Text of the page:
I Get By With A Little Help From My Friends

Last weekend I had one of the best times of my life! I was staying at the Chicago home of a best friend from college. She and another college buddy had planned a private book signing for me at our buddy’s home. My hostess and her husband are gracious and generous. Their home is decorated in authentic Asian wall art and sculpture from their time in Hong Kong. However, the best decoration is their mutual love and respect wafting up to the ceiling like the curl of smoke from the Tahitian Vanilla incense gently filling the foyer. Their relationship is the sweetest I’ve seen.

I had been a bit anxious about the event. However, once I arrived at O’Hare, my jitters settled. My hostess and I reached our buddy’s home to find a fancy and fun spread with everything from shrimp to Sprinkle’s cupcakes. We had time to catch up a bit before the event began. I greeted each guest with a hug and committed to remembering and using every guest’s name.

Ultimately we had about 20 attendees. I opened by talking a bit about myself to provide some background. Then I read an excerpt from Turning Blue to Blue. I opened  it up for questions and a wonderful exchange began. Everyone contributed to it. I sold about 21 books and made at least two new friends. Most significant, my confidence regarding speaking to strangers, increased dramatically and I was inspired to challenge myself to accomplish some other projects I had been avoiding.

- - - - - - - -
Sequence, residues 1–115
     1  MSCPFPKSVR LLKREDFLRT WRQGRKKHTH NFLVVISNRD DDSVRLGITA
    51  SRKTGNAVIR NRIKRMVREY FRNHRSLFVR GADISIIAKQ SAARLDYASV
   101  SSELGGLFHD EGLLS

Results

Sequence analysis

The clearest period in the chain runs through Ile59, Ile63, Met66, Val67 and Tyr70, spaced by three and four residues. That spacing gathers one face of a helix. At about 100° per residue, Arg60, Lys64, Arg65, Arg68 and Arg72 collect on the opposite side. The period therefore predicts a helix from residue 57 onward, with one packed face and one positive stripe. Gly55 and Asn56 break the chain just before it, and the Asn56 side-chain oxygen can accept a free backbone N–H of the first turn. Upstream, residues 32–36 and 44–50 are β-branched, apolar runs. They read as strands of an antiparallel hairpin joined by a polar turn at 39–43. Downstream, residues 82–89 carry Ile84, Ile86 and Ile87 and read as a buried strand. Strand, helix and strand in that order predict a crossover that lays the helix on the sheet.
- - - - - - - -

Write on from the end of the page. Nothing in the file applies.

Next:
MBiB cover

Thanks to my four Wellesley College sisters for their tremendous support. It was a wonderful evening.

By the way, I only muffed one name. Sorry Jeff.

COMING SOON: A Day at the Museum

Advertisements

Unfortunately, he was a stone cold drunk…

www.carsforcollectorsclub.com

My parents separated when I was three years old. The
story is my dad started selling drugs and brought some
guys back to the apartment. My mom said he absolutely
could not expose her babies to “those folks” and “that life.”
She told him he needed to head back south to Georgia
and his parents’ house. He went, but they never divorced.

Through the years a few men drifted in and then
out. Only one stuck. Unfortunately, he was a stone cold
drunk. I believe he loved her. He tolerated us. But the
booze had a twenty year hold on him. And actually I’m
not sure my mom ever required him to stop drinking. I
can honestly say I liked him more when he was drunk. He
was angry and mean when he was sober. Even as a twelve
or thirteen year old I knew to be alarmed when he drove
his light blue Cadillac fast through the bumpy streets of
the Bronx, clearly intoxicated. My brother and I were in
the white leather backseat. Back then, seatbelts were just
a suggestion, but I made sure we were strapped in tight.

Even though my mom had a stable job working for
the City of New York and didn’t have a car, high inflation,
high unemployment and the energy crisis at the end of
the 1970s hit hard. I remember watching the news and
seeing cars lined up to get their gas on odd and even days.
Our landlord decided to sell the house we were renting.
My mom couldn’t buy it and she didn’t have the money
to secure an apartment. At that time in NYC, not only did